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Re: [RFC]Better support for big-endian targets in GCC vectorizer


On Tue, May 27, 2014 at 10:24 AM, Bin.Cheng <amker.cheng@gmail.com> wrote:
> Hi,
>
> To attract more eyes, I should have used a scarier subject like "GCC's
> vectorizer is heading in the wrong direction on big-endian targets".
>
> The idea came from a simple vectorization case I ran into and a
> discussion with Richard.  Given simple case like:
>
> typedef signed short *__restrict__ pRSINT16;
> void check_vector_S16 (pRSINT16 a, pRSINT16 b);
> int foo (void)
> {
>   int i;
>   signed char input1_S8[16] =
>       { 127, 126, 125, 124, 123, 122, 121, 120,
>         119, 118, 117, 116, 115, 114, 113, 112};
>   signed char input2_S8[16] =
>       { 127, 125, 123, 121, 119, 117, 115, 113,
>         111, 109, 107, 105, 103, 101, 99,  97};
>   signed short output_S16[16];
>   signed short expected_S16[] =
>       { 16129, 15750, 15375, 15004, 14637, 14274, 13915, 13560,
>         13209, 12862, 12519, 12180, 11845, 11514, 11187, 10864 };
>
>   for (i=0; i<16; i++)
>     output_S16[i] = (signed short)input1_S8[i] * input2_S8[i];
>
>   check_vector_S16 (expected_S16, output_S16);
>   return 0;
> }
>
>
> It is vectorized at optimization level "O3", and the GIMPLE optimized
> dump for aarch64 big-endian is like:
>
> ;; Function foo (foo, funcdef_no=0, decl_uid=2564, symbol_order=0)
>
> foo ()
> {
>   vector(8) short int vect_patt_77.9;
>   vector(16) signed char vect__54.8;
>   vector(16) signed char vect__52.5;
>   short int expected_S16[16];
>   short int output_S16[16];
>   signed char input2_S8[16];
>   signed char input1_S8[16];
>
>   <bb 2>:
>   MEM[(signed char[16] *)&input1_S8] = { 127, 126, 125, 124, 123, 122,
> 121, 120, 119, 118, 117, 116, 115, 114, 113, 112 };
>   MEM[(signed char[16] *)&input2_S8] = { 127, 125, 123, 121, 119, 117,
> 115, 113, 111, 109, 107, 105, 103, 101, 99, 97 };
>   MEM[(short int *)&expected_S16] = { 16129, 15750, 15375, 15004,
> 14637, 14274, 13915, 13560 };
>   MEM[(short int *)&expected_S16 + 16B] = { 13209, 12862, 12519,
> 12180, 11845, 11514, 11187, 10864 };
>   vect__52.5_2 = MEM[(signed char[16] *)&input1_S8];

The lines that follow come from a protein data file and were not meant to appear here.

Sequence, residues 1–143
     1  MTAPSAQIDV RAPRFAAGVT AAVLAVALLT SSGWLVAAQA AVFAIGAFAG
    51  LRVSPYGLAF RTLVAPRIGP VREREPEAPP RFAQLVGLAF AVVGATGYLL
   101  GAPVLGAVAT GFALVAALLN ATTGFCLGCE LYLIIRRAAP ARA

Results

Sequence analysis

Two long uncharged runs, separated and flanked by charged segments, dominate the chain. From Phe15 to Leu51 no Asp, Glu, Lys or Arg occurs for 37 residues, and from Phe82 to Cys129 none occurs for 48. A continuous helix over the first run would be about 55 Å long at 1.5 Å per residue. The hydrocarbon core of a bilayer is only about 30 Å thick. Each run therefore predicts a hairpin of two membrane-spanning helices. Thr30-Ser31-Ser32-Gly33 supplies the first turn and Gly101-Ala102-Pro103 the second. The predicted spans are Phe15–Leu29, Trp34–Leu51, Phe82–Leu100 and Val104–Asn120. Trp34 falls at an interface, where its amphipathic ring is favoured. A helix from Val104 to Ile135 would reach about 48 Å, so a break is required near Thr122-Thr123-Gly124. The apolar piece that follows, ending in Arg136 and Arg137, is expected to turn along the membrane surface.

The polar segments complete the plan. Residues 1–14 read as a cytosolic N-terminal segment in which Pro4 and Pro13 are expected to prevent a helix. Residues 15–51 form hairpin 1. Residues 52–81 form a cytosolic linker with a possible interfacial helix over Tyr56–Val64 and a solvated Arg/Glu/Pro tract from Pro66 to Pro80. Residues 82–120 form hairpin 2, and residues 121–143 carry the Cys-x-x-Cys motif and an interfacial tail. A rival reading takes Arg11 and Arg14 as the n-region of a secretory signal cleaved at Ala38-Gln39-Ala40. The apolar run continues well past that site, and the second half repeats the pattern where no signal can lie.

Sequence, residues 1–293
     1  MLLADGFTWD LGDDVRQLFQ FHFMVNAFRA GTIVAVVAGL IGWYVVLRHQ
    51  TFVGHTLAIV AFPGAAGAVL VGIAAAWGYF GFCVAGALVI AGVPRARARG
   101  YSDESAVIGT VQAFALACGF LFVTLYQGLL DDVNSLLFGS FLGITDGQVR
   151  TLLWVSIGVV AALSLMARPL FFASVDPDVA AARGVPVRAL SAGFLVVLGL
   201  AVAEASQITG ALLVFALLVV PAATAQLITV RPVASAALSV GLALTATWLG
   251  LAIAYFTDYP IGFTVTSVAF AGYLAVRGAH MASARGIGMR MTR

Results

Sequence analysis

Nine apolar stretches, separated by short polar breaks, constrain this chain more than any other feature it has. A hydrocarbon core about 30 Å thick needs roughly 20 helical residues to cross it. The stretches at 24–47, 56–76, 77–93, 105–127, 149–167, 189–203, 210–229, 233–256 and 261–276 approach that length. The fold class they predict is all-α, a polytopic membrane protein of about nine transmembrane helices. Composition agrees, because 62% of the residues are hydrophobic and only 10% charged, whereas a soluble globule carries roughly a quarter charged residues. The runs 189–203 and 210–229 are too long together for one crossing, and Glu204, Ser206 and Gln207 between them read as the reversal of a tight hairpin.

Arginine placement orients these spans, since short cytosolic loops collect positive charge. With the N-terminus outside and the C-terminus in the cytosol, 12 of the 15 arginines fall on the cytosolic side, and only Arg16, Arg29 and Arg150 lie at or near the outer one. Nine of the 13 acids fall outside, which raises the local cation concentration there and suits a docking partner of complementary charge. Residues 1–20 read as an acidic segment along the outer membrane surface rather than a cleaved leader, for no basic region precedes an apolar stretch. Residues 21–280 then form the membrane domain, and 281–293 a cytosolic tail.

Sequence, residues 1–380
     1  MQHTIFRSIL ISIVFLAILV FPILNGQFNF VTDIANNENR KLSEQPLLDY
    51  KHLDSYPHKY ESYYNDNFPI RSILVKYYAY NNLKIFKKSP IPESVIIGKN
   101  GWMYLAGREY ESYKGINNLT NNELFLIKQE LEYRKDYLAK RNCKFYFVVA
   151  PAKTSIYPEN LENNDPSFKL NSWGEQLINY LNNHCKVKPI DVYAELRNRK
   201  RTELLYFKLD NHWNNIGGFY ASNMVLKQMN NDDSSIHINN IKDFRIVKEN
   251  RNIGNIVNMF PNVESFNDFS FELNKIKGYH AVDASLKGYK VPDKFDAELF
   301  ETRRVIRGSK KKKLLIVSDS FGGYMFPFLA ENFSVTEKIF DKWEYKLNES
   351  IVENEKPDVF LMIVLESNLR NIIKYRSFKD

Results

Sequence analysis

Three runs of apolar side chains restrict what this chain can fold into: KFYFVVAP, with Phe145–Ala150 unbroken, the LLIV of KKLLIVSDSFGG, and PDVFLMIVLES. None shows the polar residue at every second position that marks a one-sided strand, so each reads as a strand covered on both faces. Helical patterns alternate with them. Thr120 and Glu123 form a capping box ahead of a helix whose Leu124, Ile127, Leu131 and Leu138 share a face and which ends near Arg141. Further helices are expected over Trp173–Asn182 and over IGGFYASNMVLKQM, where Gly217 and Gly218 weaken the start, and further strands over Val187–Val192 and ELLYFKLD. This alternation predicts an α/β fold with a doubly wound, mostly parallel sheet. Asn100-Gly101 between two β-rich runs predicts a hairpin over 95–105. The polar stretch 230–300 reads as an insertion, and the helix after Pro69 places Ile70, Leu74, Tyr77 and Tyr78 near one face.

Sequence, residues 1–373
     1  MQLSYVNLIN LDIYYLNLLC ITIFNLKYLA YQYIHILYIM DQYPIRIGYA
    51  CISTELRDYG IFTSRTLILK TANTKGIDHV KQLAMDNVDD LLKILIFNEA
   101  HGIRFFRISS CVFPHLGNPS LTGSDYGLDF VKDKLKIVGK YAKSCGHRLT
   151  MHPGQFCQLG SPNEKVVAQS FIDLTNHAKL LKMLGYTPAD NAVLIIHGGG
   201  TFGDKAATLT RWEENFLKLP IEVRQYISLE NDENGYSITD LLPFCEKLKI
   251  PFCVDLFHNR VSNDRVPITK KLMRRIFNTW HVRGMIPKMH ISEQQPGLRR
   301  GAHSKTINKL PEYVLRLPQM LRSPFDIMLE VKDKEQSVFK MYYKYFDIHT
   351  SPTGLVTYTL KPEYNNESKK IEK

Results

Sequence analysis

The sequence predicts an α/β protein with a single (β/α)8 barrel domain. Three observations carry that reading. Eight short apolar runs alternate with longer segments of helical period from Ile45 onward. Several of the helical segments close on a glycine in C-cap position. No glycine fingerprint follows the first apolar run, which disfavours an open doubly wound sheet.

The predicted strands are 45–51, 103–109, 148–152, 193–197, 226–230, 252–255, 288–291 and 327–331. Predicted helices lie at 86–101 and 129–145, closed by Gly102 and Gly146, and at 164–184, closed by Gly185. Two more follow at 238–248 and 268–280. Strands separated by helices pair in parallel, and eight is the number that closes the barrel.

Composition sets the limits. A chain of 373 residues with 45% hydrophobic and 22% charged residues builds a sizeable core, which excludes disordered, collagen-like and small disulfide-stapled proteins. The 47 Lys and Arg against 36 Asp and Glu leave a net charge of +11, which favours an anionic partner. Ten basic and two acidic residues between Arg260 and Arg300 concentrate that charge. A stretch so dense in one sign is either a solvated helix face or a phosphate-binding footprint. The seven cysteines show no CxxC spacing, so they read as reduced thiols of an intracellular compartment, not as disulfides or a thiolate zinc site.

>   vect__54.8_73 = MEM[(signed char[16] *)&input2_S8];
>   vect_patt_77.9_72 = WIDEN_MULT_HI_EXPR <vect__52.5_2, vect__54.8_73>;
>   vect_patt_77.9_71 = WIDEN_MULT_LO_EXPR <vect__52.5_2, vect__54.8_73>;
>   MEM[(short int *)&output_S16] = vect_patt_77.9_72;
>   MEM[(short int *)&output_S16 + 16B] = vect_patt_77.9_71;
>   check_vector_S16 (&expected_S16, &output_S16);
>   input1_S8 ={v} {CLOBBER};
>   input2_S8 ={v} {CLOBBER};
>   output_S16 ={v} {CLOBBER};
>   expected_S16 ={v} {CLOBBER};
>   return 0;
>
> }
>
>
> while dump for aarch64 little-endian is like:
>
> ;; Function foo (foo, funcdef_no=0, decl_uid=2564, symbol_order=0)
>
> foo ()
> {
>   vector(8) short int vect_patt_77.9;
>   vector(16) signed char vect__54.8;
>   vector(16) signed char vect__52.5;
>   short int expected_S16[16];
>   short int output_S16[16];
>   signed char input2_S8[16];
>   signed char input1_S8[16];
>
>   <bb 2>:
>   MEM[(signed char[16] *)&input1_S8] = { 127, 126, 125, 124, 123, 122,
> 121, 120, 119, 118, 117, 116, 115, 114, 113, 112 };
>   MEM[(signed char[16] *)&input2_S8] = { 127, 125, 123, 121, 119, 117,
> 115, 113, 111, 109, 107, 105, 103, 101, 99, 97 };
>   MEM[(short int *)&expected_S16] = { 16129, 15750, 15375, 15004,
> 14637, 14274, 13915, 13560 };
>   MEM[(short int *)&expected_S16 + 16B] = { 13209, 12862, 12519,
> 12180, 11845, 11514, 11187, 10864 };
>   vect__52.5_2 = MEM[(signed char[16] *)&input1_S8];
>   vect__54.8_73 = MEM[(signed char[16] *)&input2_S8];
>   vect_patt_77.9_72 = WIDEN_MULT_LO_EXPR <vect__52.5_2, vect__54.8_73>;
>   vect_patt_77.9_71 = WIDEN_MULT_HI_EXPR <vect__52.5_2, vect__54.8_73>;
>   MEM[(short int *)&output_S16] = vect_patt_77.9_72;
>   MEM[(short int *)&output_S16 + 16B] = vect_patt_77.9_71;
>   check_vector_S16 (&expected_S16, &output_S16);
>   input1_S8 ={v} {CLOBBER};
>   input2_S8 ={v} {CLOBBER};